Rindone will take home a $6,000 personal watercraft from Yamaha. “I let a customer use the tool for four days, and he fell in love with it, immediately placing five orders,” Rindone says of the contest. “He said there was no looking back at the competition.”



Feb. 14, 2003

Bill would make it easier for small businesses to secure health insurance

In an effort to make health insurance affordable for uninsured Americans, a team of congressmen and women recently introduced the Small Business Fairness Act. Brought before the House of Representatives by Representatives Sam Johnson (R-Texas), Ernie Fletcher (R-Ky.), Nydia Velasquez (D-N.Y.), and Cal Dooley (D-Calif.), the bill is the first ever for association health plans (AHP).

AHPs allow small businesses buy into group health insurance plans anywhere in the country, enabling them to pay less than they now pay for small policies directly from insurers. The major obstacle to AHPs to date has been varying state benefit mandates. However, this bill would allow small businesses to be exempt from state-specific mandates.

The Senate is preparing similar legislation to be introduced by Senator Olympia J. Snowe (R-Maine) in April.



Feb. 12, 2003

Food processor saves money with on-site power incentive program

By making use of excess engine heat, a new on-site power system will help a California-based natural food processor save 20% on its electric bill. Due for completion later this month, the combined-heat-and-power system at California Natural Products, Lathrop, Calif., will generate electricity when needed and use byproduct heat to process rice and other ingredients in the company’s round-the-clock production process.

The decision to implement the system was spurred on by a State of California incentive program that covers almost 33% of total costs for such projects. The company saved hundreds of thousands of dollars in upfront costs through the state incentive program.

Powered by a 1,350kW Deutz natural gas engine, the on-site power system provided by Encorp, Windsor, Colo., will run 24/7. The system is designed to supplement power from Pacific Gas & Electric and provide backup power for critical loads in the event of a utility brownout or blackout. It’s expected to produce more than 9.4 million kW/hr each year – enough energy to power 135,000 100W light bulbs for a year.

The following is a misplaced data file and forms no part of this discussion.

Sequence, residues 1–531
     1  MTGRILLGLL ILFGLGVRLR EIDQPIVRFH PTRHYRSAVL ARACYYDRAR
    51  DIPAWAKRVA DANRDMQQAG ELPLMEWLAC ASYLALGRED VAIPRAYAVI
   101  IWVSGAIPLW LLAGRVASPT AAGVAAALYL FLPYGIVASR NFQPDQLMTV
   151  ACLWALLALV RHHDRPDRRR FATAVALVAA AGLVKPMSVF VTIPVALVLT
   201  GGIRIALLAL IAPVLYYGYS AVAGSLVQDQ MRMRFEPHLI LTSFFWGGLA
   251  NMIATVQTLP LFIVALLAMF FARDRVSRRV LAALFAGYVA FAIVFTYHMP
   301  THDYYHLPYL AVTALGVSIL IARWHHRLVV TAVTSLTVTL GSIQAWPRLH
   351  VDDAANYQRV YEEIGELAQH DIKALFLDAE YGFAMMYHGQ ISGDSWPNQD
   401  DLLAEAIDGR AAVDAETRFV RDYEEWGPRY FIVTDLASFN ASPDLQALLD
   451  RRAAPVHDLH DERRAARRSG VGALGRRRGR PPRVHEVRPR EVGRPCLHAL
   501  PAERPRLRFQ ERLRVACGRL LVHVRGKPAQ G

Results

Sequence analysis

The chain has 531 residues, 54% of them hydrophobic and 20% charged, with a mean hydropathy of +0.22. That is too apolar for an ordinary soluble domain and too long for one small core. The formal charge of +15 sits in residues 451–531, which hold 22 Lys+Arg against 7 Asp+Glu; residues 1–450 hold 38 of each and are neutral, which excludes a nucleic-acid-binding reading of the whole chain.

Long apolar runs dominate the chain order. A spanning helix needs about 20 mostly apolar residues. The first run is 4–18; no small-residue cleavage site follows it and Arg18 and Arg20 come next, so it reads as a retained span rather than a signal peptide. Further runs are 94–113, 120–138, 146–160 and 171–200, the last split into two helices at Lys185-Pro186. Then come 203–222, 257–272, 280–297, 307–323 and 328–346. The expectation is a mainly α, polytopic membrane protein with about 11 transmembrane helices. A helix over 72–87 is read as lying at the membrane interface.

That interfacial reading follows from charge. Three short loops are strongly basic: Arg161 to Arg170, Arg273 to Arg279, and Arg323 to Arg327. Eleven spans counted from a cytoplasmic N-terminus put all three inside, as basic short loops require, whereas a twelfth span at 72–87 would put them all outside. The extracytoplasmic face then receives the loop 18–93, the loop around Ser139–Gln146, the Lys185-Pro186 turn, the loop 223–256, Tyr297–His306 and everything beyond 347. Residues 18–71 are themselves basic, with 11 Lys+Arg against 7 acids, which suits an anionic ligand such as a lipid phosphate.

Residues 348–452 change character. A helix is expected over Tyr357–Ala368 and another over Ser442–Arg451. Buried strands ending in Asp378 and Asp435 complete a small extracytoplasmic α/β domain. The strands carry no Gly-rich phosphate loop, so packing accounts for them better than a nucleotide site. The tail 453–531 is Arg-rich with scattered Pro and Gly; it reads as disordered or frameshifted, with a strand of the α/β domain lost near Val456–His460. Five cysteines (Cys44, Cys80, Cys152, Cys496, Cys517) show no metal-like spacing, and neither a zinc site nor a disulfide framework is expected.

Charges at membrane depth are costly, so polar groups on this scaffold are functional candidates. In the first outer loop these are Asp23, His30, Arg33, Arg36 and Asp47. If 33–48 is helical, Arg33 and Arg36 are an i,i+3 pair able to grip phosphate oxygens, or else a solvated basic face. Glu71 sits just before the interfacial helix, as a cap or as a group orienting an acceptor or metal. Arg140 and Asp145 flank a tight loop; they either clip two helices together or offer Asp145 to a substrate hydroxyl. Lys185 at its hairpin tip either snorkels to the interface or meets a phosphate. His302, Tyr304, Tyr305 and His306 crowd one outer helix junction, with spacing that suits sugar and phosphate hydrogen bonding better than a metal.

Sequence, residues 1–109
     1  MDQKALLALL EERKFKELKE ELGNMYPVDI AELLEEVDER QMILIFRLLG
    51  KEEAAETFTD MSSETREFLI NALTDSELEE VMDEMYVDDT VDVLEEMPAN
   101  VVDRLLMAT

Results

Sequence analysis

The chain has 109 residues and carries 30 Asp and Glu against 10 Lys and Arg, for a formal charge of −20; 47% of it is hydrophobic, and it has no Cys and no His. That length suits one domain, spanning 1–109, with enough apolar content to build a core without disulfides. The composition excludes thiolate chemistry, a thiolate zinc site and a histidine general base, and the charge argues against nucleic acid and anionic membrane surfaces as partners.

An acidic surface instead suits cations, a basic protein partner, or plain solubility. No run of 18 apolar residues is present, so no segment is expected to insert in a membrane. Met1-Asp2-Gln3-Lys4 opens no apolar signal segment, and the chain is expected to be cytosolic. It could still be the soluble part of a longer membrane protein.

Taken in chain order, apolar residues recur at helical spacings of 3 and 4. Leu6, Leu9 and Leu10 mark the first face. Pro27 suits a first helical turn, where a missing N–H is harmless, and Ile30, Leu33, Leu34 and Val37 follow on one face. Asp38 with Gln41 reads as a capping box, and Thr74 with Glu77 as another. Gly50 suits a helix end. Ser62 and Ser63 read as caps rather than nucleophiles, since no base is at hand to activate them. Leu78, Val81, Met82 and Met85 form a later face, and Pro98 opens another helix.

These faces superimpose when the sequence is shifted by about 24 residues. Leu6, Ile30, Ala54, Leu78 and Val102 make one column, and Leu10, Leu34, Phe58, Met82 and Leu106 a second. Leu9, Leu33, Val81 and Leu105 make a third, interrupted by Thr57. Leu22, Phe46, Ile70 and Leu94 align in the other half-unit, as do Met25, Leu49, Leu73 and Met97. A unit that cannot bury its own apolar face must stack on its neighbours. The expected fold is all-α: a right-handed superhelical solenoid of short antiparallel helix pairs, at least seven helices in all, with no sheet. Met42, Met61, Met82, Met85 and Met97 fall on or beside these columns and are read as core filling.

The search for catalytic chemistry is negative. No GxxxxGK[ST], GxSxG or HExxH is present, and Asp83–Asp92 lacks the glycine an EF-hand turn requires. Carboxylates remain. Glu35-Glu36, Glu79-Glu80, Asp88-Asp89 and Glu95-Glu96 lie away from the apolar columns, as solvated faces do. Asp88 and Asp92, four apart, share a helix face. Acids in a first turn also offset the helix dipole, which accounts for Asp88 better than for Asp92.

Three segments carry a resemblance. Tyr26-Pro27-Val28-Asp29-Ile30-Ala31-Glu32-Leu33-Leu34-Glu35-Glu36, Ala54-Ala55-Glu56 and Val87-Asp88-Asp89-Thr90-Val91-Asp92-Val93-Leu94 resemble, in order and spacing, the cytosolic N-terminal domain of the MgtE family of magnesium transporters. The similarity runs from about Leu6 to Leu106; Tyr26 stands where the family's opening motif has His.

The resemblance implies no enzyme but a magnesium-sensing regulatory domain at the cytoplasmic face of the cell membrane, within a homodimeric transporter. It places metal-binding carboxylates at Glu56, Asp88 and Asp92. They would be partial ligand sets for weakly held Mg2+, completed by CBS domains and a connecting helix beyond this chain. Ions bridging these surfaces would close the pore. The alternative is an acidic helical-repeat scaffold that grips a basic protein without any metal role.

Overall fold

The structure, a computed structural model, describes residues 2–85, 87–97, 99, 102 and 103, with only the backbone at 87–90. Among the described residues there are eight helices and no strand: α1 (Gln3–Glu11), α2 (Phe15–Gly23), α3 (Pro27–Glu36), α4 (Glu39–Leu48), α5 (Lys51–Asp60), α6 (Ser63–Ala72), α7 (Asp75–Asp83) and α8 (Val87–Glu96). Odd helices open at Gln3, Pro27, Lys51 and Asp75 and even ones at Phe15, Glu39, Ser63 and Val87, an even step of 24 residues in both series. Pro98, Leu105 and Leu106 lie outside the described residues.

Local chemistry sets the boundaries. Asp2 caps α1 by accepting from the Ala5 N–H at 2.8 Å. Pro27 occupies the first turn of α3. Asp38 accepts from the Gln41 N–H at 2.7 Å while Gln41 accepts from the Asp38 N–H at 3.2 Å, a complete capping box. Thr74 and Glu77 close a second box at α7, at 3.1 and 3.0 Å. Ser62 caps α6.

Feb. 12, 2003

NFPA presents two-day seminar on building construction and safety code

Electrical workers still confused by the requirements in the NFPA 5000 Building Construction and Safety Code released last year will have a chance to familiarize themselves with it at this year’s NFPA World Safety Conference & Exposition in Dallas. The two-day seminar, held May 16 and 17, will be a part of the conference’s pre-conference proceedings. The conference itself runs May 18 – 21.

The seminar will explain how the code was developed through an American National Standards Institute (ANSI)-accredited consensus process, and how to apply it. Details will include concepts of egress and accessibility, performance-based design options, fire-protection systems and equipment, classification of occupancies, hazards of content, and construction types and materials.

NFPA 5000 is the first building code approved by ANSI. It contains provisions for every aspect of the design and construction of buildings and structures, as well as the design of integrated building systems for health and safety.



Feb. 10, 2003

Worldwide construction increases drive demand for lighting equipment through 2006

Despite predictions that worldwide demand for lighting equipment could increase 5.3% per year to reach $102 billion by 2006, growth in North America will fall below the global average. A new study by The Freedonia Group, a Cleveland-based industrial market research firm, finds projects that the United States will still be a leader in the world’s lighting market, irrespective of its lagging demand.

“World Lighting Equipment” reports that the global economy will stimulate construction and manufacturing activity, two principal determinants in lighting equipment demand. The proliferation of technologically advanced lighting products, which carry a higher price tag, will also increase revenues.

Lighting equipment demand could get its greatest push from the construction markets, which are projected to enjoy above-average growth through 2006.

The report is available through the firm’s Web site, www.freedoniagroup.com.



Feb. 10, 2003

Lighting manufacturer closes plant after nearly four decades